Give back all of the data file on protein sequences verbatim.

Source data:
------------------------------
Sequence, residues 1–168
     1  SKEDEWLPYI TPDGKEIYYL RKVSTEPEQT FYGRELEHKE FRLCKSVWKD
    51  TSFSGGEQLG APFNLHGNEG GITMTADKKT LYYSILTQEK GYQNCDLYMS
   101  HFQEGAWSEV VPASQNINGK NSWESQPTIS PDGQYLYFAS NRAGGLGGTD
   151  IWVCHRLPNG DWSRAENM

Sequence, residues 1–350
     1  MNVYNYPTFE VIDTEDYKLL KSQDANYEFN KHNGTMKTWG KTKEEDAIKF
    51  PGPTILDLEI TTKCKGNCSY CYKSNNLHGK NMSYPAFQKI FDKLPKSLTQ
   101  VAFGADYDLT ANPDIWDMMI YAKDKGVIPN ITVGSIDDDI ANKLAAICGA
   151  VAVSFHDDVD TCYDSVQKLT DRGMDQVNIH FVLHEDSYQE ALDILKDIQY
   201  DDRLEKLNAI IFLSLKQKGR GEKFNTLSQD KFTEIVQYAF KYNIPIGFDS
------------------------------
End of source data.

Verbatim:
Sequence, residues 1–168
     1  SKEDEWLPYI TPDGKEIYYL RKVSTEPEQT FYGRELEHKE FRLCKSVWKD
    51  TSFSGGEQLG APFNLHGNEG GITMTADKKT LYYSILTQEK GYQNCDLYMS
   101  HFQEGAWSEV VPASQNINGK NSWESQPTIS PDGQYLYFAS NRAGGLGGTD
   151  IWVCHRLPNG DWSRAENM

Sequence, residues 1–350
     1  MNVYNYPTFE VIDTEDYKLL KSQDANYEFN KHNGTMKTWG KTKEEDAIKF
    51  PGPTILDLEI TTKCKGNCSY CYKSNNLHGK NMSYPAFQKI FDKLPKSLTQ
   101  VAFGADYDLT ANPDIWDMMI YAKDKGVIPN ITVGSIDDDI ANKLAAICGA
   151  VAVSFHDDVD TCYDSVQKLT DRGMDQVNIH FVLHEDSYQE ALDILKDIQY
   201  DDRLEKLNAI IFLSLKQKGR GEKFNTLSQD KFTEIVQYAF KYNIPIGFDS